SPCC selected for humanities project

MONROE — South Piedmont Community College has been selected to participate in the Community College Humanities Association’s “Advancing Humanities: A National Endowment for the Humanities Bridging Cultures Project.”

SPCC was one of 18 community colleges, and the only one from North Carolina, selected from among 70 applications from 30 states.

The purpose of the project is to advance cultural and civic understanding in introductory humanities courses. The 18 colleges will receive day-to-day guidance from humanities scholars and experienced community college humanities mentors as they strengthen their curriculums and engage in faculty development and scholarship in one of five disciplines: literature, history, philosophy, religion or civic engagement.

SPCC will participate in literature. Its three-person team will consist of Dean of Arts and Sciences Valerie Jones and English instructors Sherri Breitigan and Tammy Frailly.

The project will pay travel expenses for two of the team members to attend the National Bridging Cultures Conference on Sept. 27 to 29 in Washington, D.C., and for one to attend the same conference in December 2013 at a location yet to be determined. The project will provide stipends for Breitigan and Frailly to pursue project tasks and independent scholarship to strengthen preparation and enrich their teaching.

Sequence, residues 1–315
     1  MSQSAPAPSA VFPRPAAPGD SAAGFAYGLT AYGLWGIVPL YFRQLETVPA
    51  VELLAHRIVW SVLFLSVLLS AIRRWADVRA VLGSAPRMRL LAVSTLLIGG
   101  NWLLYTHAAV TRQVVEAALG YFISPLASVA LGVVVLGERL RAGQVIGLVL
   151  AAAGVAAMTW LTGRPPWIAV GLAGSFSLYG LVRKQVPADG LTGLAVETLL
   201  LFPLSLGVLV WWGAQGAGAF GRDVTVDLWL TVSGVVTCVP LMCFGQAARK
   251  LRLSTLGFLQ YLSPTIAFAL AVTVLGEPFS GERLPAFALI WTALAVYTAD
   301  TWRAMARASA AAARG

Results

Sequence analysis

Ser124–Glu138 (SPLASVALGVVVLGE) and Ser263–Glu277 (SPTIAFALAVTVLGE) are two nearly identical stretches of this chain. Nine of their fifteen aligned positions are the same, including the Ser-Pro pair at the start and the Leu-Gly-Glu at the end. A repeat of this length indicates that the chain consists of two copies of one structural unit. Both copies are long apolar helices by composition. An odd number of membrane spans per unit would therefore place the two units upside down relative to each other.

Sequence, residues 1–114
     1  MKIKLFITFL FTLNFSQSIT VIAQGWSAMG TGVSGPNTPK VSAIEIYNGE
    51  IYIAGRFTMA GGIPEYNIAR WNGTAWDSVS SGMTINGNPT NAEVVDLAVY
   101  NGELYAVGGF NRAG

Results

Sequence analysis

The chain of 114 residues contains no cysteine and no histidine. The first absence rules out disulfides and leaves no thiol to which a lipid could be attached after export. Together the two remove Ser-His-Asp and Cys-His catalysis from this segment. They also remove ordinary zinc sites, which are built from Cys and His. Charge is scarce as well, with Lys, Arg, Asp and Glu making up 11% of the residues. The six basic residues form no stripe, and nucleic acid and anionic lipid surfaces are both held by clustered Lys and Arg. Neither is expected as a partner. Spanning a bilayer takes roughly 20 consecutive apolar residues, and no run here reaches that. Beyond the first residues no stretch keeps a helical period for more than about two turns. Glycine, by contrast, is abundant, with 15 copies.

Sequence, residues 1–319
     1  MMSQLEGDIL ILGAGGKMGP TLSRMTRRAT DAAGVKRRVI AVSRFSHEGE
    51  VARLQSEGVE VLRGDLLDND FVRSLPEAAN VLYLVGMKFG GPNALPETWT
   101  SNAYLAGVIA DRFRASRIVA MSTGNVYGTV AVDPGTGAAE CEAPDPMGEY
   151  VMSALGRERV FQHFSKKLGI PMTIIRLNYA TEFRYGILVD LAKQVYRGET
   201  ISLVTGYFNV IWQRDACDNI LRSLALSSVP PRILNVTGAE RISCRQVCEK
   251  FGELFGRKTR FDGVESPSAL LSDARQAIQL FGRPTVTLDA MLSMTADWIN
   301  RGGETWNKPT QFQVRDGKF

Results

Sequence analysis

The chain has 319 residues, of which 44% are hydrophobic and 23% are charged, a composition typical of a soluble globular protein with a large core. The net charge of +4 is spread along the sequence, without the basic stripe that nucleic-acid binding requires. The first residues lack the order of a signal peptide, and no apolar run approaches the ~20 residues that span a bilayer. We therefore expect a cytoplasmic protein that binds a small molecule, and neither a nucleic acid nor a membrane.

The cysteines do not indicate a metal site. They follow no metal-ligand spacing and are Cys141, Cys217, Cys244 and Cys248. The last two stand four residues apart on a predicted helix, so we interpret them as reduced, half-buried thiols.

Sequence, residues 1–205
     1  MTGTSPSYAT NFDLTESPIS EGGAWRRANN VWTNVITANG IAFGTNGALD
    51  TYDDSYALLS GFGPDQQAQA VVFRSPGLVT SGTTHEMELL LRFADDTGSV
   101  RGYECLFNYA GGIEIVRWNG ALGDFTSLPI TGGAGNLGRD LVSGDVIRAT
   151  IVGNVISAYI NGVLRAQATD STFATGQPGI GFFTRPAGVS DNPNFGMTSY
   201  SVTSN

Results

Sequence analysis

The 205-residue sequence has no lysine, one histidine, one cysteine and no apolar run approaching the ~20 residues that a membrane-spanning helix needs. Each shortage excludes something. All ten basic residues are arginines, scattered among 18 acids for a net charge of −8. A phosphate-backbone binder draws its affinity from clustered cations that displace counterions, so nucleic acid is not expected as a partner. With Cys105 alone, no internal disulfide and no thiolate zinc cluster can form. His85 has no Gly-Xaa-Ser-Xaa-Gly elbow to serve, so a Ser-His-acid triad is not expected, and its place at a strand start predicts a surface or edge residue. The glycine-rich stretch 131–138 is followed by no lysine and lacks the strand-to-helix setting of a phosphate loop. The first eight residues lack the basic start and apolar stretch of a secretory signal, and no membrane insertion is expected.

At the conference in September, SPCC’s team will work with mentors and scholars there to begin developing a plan to advance cultural understanding toward building a community and begin developing an action plan for implementation during the project’s 18-month period.

The impetus for SPCC to apply for the program was a course that will be new at SPCC next spring. English 262, World Literature II, will introduce selected works from the Pacific, Asia, Africa, Europe and the Americas from the 18th century to the present. Many of these are works SPCC instructors have not taught before and the college wanted to ensure faculty could help its students – many of whom have had little exposure to diverse religions, socioeconomic classes and ethnicities – gain an appreciation for the importance of intercultural understanding. This also will benefit many of these students who later transfer to four-year universities and move farther out of their comfort zones.

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